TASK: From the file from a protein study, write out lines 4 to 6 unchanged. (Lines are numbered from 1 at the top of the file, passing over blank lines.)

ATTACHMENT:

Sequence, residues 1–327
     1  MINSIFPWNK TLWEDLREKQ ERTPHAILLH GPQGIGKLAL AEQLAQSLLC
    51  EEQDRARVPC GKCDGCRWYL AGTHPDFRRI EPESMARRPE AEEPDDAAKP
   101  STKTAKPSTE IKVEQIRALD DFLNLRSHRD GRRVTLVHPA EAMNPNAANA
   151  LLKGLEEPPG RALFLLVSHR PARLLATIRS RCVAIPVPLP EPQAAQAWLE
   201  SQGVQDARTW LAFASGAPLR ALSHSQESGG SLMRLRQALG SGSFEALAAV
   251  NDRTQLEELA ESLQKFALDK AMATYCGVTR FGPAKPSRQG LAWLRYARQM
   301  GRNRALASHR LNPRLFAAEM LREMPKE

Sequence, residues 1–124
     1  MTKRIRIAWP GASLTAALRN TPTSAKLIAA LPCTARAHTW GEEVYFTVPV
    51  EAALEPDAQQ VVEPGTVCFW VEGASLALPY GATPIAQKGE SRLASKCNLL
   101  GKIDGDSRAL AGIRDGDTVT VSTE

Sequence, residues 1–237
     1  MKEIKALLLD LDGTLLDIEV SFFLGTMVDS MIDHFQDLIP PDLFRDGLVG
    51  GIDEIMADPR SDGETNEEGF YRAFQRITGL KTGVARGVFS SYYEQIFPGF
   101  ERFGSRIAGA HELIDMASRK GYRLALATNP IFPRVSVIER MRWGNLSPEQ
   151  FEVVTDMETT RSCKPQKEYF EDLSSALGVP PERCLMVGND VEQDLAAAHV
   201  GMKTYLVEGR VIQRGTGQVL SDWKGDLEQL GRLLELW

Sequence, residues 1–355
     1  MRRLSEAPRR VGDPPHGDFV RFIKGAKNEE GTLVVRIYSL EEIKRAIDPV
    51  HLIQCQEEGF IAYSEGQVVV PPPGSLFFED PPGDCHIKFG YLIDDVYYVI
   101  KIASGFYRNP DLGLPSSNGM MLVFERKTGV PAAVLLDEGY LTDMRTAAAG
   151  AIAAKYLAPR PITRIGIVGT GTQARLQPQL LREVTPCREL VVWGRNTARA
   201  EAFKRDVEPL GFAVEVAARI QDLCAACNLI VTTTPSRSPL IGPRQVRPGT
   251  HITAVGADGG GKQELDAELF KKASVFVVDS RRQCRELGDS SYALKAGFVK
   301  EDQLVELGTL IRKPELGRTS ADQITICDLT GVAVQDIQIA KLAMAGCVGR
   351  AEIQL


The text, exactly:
   101  STKTAKPSTE IKVEQIRALD DFLNLRSHRD GRRVTLVHPA EAMNPNAANA
   151  LLKGLEEPPG RALFLLVSHR PARLLATIRS RCVAIPVPLP EPQAAQAWLE
   201  SQGVQDARTW LAFASGAPLR ALSHSQESGG SLMRLRQALG SGSFEALAAV